In the Navigator palette, highlight the zoom percentage in the lower-left corner, type in 500, and press Return (PC: Enter) to zoom in close. Press-and-hold the Spacebar to bring up the Hand tool and click-and-drag until you can see the letter “y.” In the Toolbox, select the Direct Selection Tool (the white arrow). Drag a box around the lower curled tip of the letter “y” (A) to select the anchor points that define that part of the letter (B). Press Delete (PC: Backspace) to remove those points and the line segments connected to them (C).
STEP 8 Adjust Anchor Points
Deactivate the anchor points by clicking in a white area next to the path. With the Direct Selection tool (white arrow), adjust the position of the two points where the lower part of the letter was removed. Click on each point and move it so that it aligns with the corresponding red square on the “fishhook path guide” layer (points A and L as shown above). You may also need to adjust the control handles that extend from the anchor points to align the line segments connected to those points so that the lines conform to the guide as closely as possible.
STEP 9 Add a New Segment to the Path
Choose the Pen tool then click on the Paths icon on the left side of the Options Bar. Move the tip of the tool over the point on the lower-right side of the tail of the letter “y.” A small square with a horizontal line through it will appear, indicating that you’ll connect a new line segment to the existing anchor point. Click on the point (A) and move the cursor down to the next red square (point B). In one movement, click-and-drag down at the same angle as the upper part of the line, pulling out a control handle.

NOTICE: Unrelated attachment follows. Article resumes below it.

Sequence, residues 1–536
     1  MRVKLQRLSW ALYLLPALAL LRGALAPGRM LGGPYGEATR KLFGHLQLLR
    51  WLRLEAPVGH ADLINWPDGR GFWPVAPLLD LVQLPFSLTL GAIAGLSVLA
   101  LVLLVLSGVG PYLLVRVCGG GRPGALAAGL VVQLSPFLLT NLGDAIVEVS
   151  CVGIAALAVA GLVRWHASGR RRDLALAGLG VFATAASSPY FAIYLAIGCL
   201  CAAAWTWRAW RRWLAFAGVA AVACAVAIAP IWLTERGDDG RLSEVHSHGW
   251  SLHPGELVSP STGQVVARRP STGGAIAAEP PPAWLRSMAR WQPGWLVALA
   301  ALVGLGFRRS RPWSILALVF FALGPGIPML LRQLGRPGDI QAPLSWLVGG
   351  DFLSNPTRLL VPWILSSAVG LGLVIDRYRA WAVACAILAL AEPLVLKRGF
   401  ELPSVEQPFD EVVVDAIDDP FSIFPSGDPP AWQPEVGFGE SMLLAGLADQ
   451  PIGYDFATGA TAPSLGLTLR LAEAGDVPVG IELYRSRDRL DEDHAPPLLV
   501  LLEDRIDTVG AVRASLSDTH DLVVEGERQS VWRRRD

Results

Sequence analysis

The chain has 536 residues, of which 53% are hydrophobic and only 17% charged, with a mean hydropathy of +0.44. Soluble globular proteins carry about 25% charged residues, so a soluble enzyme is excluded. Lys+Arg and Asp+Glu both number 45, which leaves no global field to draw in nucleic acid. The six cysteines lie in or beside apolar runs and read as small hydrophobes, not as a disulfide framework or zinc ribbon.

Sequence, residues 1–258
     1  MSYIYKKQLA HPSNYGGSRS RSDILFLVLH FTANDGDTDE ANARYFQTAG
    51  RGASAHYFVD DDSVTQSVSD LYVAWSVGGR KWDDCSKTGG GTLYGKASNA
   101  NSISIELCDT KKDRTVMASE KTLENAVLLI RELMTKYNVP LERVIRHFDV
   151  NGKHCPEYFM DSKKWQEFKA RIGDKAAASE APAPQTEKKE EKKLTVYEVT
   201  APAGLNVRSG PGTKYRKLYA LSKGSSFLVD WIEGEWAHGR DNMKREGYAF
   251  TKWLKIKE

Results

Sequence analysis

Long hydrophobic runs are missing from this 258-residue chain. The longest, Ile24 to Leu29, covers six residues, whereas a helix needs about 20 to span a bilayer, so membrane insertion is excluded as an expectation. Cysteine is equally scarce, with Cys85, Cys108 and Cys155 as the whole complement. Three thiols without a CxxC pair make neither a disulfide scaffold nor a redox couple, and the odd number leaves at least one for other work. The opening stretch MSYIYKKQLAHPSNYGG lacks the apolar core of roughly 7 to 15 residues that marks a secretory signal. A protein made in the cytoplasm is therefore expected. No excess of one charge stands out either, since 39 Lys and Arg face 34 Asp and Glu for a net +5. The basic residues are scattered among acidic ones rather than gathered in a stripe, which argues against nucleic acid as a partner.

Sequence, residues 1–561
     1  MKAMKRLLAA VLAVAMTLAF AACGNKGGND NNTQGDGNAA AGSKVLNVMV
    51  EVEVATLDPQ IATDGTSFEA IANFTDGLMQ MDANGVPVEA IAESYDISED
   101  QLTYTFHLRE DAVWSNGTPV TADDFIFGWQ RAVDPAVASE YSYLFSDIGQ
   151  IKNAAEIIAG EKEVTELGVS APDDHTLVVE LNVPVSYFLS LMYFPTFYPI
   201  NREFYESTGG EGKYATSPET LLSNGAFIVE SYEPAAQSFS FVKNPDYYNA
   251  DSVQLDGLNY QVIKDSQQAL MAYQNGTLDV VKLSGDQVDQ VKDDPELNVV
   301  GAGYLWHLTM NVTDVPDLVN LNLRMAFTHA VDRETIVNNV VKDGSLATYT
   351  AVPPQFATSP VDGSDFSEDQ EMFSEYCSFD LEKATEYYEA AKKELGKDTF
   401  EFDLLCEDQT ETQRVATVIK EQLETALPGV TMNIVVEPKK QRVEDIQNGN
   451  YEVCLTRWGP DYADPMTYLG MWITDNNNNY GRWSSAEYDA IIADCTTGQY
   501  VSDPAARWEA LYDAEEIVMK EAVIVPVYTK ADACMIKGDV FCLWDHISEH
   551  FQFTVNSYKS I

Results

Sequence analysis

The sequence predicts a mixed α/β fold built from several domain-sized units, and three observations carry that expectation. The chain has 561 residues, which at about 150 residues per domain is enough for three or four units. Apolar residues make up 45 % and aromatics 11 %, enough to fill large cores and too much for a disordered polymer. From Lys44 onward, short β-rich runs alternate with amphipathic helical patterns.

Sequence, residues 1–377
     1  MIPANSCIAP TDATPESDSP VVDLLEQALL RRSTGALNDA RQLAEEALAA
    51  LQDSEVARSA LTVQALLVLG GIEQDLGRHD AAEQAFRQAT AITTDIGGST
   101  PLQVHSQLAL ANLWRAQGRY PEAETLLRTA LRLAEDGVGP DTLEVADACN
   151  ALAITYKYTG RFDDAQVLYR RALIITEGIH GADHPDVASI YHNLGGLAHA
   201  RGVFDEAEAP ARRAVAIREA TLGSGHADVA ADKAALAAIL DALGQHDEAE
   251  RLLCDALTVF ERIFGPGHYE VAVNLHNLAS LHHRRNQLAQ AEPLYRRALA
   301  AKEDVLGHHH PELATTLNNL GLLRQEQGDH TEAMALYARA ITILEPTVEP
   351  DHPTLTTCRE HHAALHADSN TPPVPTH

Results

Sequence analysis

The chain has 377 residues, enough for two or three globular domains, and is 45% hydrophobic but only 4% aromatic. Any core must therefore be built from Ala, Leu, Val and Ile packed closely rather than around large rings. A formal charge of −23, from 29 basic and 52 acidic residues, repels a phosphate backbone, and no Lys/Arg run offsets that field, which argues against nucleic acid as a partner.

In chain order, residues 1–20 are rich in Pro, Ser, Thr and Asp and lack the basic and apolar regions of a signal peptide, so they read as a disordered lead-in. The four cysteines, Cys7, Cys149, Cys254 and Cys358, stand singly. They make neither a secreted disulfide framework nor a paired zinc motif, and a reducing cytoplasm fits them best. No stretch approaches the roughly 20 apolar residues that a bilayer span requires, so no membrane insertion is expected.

STEP 10 Trace the Fishhook Shape
Click on the next point (C) and drag up in the direction of the curve after the point. Click-and-drag on the next point (D) and then on the tip of the hook (E). Next, hold down the Option (PC: Alt) key, click on the end of the right control handle of point E, and pull it down to change direction and create a cusp point. Click on the tip of the first barb (F) and drag out away from the tip. Now hold down Option (PC: Alt) and click-and-drag the right control handle back in the direction of the barb.
STEP 11 Create the Barbs
Click on the next point (G), hold down Option (PC: Alt), and change the direction of the control handle to follow the barb, as in the previous steps. Click on the tip of the second barb (H) and stretch out the handle to fit the line to the slight curve of the barb. Option-click-and-drag (PC: Alt-click-and-drag) to change directions back toward the final red square on the inner part of the barb (I). Option-click (PC: Alt-click) on this point and drag down toward the next point (J) on the inner side of the bottom part of the fishhook shape.
STEP 12 Close the Path and Fine-Tune
Keep tracing the shape of the lower curve by continuing to points K and finally up to L to connect to the final open point and close the path. Use the Direct Selection tool (white arrow) to fine-tune any of the curves or control handles to get the hook shape looking the way you want it. When you’re finished, click the Eye icon of the “fishhook path guide” layer to hide it.
STEP 13 Add a Shape Layer Based on the Modified Path
Press D to set the default Foreground/Background colors, then press X to place white into the Foreground swatch. With the modified “Type” fishhook path still active, click on the Create New Adjustment Layer icon at the bottom of the Layers palette and choose Solid Color from the contextual menu. The color for the layer should already be white since that’s the Foreground color. Click OK to add a white fill layer in the shape of the modified path.
STEP 14 A Final Tweak to the Hook
After seeing the finished Color Fill 1 layer, we decided to make the hook shorter. To do this, use the Direct Selection tool to drag around the barb of the hook. Then hold down the Shift key and drag around points B and K as shown to add them to the selection. Click on the lower part of the hook and drag upward along the same angle as the shank to bring it closer to the upper part of the “y.” Finally, we added a drop shadow layer style to both the fishhook Color Fill 1 layer and the “Casting” type layer.